This too came to seem like something Risto could work with, the thinking that had brought these men here. They hadn't just imagined the catastrophe of the flying glass and steel, across these thronging downtown crannies, but they'd grasped how the target itself made a statement. Unique among the ancient city's landmarks, the Galleria had nothing to do with the church or the law (immigration law, in particular). It served, rather, as the shoppers' Duomo. A resonating candy egg, it rose over a skewed X of storefronts. The decorations that covered the floors and walls might well have included some number off an old-fangled cash register, written in gold. What's more, other than a couple hunks of Fascist urban renewal, the bigger places around the centro were all either Gothic or Baroque. This however was a piece of fin de siecle Paris. You could imagine one of the Impressionists setting up a canvas in its cavernous interior. Peopling the scene, to be sure, would be the well-born and the servants who carried their purchases. The Galleria was the closest that crumbling Naples came to the Euro-dream of swank and entitlement. Seemed like something Risto could work with.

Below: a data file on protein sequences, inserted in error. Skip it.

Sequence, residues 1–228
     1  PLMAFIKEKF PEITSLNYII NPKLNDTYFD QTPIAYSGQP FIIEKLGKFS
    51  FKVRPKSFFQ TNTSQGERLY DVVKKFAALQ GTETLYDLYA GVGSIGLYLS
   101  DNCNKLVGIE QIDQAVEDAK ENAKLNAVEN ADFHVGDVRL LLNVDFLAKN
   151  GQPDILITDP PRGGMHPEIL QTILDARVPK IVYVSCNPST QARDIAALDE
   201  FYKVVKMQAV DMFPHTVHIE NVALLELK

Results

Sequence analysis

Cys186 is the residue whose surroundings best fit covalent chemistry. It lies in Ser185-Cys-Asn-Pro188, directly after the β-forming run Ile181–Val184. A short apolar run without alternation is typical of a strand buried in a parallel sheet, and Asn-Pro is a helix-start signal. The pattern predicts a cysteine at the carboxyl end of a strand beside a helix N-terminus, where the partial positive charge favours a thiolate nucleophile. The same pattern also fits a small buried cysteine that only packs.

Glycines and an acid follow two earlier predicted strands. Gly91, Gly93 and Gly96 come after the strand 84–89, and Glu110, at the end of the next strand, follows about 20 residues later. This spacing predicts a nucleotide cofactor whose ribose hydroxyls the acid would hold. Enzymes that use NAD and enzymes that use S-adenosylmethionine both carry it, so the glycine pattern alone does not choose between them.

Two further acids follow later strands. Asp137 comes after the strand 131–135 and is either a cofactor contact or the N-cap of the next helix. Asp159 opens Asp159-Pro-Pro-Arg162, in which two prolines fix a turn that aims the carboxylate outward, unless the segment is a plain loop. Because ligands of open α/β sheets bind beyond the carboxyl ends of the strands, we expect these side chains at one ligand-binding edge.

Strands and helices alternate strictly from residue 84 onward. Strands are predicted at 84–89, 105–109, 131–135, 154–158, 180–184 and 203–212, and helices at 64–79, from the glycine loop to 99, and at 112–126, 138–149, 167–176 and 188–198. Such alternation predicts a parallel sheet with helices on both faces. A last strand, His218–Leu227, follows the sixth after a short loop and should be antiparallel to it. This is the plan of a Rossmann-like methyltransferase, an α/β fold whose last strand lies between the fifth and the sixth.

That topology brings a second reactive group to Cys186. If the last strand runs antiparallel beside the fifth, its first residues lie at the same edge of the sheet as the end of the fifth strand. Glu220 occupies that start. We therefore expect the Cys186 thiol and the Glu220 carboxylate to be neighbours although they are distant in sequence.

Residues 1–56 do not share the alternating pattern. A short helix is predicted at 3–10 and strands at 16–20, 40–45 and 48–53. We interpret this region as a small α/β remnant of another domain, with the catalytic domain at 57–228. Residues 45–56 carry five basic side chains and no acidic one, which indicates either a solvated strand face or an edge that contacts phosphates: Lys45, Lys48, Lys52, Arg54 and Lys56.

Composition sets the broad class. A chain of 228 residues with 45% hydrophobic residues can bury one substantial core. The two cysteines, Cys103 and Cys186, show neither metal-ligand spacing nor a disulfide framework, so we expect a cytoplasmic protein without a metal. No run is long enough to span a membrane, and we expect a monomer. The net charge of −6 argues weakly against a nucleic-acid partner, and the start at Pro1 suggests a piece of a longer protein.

"Yes, the palazzo we despise," he said. "The place of all we can't have."

The others had broken off their handiwork, cellphone and plastique. An attachment or two remained unmade, but Mepris found himself a seat between glass and girder, a couple of wires dangling from his fist. To watch him settle down somehow suggested just the opposite: how perfect the setting would be for the final slugfest in a thriller. You could see Jason Bourne up here.

"You know," Risto said, "I've heard something."